As in earlier American conflicts, women were popular subjects of political cartoons during the Civil War. Artists in the Union and the Confederacy featured women prominently in their work to represent the general civilian experience of the war. Women were also featured to explore how the war was breaking down antebellum gender expectations.
These two cartoons are from Frank Leslie’s Illustrated Newspaper. Both deal with women’s roles in promoting enlistment in the Union and Confederate armies, but they have very different tones.
“Sowing and Reaping,” published in May 1863, mocks Southern women for encouraging men to join the Confederate Army. In the “sowing” panel, idealized drawings of genteel Southern women are shown waving their men off to war, in full support of their enlistment. In the “reaping” panel, the same women have been ravaged by the war. Dressed in rags and emaciated, they are shown fighting in the streets for bread. This second panel was based on a real event that took place in Richmond, Virginia, the Confederate capital, on April 1, 1863. With hungry families at home, the women of Richmond rioted to protest food shortages. Their behavior was viewed as appalling and inappropriate. This cartoon lays some blame for the food shortage on the women themselves because they promoted participation in the war.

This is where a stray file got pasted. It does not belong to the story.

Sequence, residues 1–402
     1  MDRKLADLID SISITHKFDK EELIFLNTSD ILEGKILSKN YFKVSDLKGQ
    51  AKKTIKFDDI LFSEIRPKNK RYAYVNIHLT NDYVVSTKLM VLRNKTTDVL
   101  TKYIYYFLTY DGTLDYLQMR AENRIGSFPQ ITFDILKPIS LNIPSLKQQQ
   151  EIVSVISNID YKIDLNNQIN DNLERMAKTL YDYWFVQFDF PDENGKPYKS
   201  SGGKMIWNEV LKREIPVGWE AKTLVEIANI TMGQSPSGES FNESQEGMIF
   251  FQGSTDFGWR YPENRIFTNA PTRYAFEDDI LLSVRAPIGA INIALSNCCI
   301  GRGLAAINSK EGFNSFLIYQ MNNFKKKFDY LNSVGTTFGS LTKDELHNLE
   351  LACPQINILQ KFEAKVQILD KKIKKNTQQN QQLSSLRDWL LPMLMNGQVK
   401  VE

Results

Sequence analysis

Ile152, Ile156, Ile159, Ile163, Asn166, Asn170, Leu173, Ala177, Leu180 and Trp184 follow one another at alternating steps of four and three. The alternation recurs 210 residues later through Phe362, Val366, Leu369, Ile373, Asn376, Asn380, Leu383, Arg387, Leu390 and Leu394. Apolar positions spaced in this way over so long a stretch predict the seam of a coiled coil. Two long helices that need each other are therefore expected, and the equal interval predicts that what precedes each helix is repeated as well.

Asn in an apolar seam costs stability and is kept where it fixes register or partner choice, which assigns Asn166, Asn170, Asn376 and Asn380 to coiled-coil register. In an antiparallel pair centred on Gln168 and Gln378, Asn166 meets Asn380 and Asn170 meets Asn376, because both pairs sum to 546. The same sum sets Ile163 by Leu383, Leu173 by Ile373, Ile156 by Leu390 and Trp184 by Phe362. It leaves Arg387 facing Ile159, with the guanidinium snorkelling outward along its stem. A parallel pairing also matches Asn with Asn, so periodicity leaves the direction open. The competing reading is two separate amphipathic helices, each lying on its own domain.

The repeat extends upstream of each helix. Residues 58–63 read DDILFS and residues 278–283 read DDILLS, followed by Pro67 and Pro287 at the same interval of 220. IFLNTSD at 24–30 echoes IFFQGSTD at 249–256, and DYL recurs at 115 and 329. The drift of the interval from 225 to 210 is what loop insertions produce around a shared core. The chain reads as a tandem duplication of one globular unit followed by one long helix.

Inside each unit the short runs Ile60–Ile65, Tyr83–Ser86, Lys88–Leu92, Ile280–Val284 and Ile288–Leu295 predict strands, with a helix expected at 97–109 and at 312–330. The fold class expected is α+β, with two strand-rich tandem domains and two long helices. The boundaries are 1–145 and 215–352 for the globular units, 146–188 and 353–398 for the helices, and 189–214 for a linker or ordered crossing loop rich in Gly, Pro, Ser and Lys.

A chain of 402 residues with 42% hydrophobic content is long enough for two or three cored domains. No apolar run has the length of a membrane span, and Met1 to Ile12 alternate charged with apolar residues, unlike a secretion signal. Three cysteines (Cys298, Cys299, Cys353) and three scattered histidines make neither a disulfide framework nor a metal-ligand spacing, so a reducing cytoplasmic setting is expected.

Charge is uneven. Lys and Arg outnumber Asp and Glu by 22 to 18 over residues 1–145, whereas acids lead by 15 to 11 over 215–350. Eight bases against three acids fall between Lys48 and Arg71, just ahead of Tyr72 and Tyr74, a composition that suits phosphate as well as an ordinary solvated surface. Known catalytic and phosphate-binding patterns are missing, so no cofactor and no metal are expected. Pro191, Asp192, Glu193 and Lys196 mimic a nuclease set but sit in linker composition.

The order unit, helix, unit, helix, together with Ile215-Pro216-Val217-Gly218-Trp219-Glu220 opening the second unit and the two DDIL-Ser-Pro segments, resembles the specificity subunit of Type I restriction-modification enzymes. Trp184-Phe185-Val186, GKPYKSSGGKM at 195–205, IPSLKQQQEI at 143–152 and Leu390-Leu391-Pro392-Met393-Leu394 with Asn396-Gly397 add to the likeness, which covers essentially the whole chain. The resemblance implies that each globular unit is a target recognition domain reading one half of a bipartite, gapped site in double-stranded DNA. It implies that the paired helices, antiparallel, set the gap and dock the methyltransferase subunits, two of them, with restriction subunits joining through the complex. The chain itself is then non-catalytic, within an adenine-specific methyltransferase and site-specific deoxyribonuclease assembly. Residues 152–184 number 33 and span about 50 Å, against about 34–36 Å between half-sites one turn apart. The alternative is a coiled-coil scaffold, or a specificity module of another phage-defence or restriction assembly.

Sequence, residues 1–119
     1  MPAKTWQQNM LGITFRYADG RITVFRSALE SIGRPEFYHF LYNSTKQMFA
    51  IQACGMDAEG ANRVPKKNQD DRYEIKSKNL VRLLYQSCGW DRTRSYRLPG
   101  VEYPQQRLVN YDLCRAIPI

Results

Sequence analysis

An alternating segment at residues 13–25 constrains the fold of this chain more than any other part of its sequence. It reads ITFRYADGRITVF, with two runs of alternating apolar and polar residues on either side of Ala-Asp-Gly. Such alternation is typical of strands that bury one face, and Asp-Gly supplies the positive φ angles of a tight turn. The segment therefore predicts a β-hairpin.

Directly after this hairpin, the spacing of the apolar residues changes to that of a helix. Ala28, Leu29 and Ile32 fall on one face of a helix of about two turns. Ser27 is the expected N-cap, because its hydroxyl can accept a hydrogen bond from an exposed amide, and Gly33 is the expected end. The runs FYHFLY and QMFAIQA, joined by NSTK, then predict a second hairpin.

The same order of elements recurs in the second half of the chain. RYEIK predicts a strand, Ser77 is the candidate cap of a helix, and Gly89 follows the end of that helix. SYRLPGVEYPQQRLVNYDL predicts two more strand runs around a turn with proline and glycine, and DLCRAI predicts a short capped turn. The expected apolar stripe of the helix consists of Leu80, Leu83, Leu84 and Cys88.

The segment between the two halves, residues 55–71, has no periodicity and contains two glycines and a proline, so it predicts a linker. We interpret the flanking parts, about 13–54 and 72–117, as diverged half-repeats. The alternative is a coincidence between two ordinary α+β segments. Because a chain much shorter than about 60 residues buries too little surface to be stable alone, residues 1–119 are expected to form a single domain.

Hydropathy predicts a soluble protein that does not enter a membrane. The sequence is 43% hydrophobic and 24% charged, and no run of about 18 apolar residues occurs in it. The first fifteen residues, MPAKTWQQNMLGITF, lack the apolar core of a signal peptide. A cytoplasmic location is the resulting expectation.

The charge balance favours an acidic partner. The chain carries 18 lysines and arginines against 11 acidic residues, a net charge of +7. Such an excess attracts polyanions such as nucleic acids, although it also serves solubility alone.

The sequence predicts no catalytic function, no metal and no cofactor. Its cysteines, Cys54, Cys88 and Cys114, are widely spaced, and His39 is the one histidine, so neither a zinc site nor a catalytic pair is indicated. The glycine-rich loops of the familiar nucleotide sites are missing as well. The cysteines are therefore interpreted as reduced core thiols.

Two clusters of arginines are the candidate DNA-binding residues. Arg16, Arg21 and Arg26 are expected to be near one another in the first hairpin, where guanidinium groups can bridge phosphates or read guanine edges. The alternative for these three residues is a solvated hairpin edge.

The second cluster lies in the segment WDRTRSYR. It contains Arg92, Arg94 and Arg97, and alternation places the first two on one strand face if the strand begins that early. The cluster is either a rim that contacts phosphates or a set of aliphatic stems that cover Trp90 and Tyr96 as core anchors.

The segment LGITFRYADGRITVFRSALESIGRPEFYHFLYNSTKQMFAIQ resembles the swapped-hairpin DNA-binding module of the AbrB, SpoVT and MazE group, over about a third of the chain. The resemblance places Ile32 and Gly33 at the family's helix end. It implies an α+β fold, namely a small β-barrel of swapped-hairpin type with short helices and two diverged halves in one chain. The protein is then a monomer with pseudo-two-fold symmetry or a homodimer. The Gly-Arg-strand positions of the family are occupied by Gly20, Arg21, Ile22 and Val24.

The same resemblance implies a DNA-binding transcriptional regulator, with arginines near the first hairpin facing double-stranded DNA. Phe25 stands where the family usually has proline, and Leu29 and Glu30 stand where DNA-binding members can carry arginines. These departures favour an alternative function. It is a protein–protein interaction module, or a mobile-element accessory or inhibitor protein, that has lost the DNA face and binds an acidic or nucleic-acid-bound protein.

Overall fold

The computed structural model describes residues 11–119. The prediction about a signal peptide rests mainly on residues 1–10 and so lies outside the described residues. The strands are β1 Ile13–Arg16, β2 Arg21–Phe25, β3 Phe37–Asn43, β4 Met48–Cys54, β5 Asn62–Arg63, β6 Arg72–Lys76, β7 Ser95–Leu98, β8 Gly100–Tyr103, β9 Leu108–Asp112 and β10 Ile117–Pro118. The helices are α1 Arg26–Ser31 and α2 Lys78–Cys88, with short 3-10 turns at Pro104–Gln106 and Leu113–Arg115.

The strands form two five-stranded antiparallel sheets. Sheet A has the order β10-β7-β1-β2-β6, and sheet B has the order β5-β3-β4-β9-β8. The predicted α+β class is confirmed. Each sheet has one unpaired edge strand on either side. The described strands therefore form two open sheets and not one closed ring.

“The Art of Inspiring Courage” was published in October 1863, six months after “Sowing and Reaping.” Published at a time when Union enlistment was falling, and people were rioting to protest the new draft, it offers humorous advice about how Union women can pressure men into joining the Union Army. It is fascinating that this cartoon was published after “Sowing and Reaping.” Evidently the staff of Frank Leslie’s Illustrated Newspaper did not believe Union women would suffer the same dire consequences as their Confederate counterparts.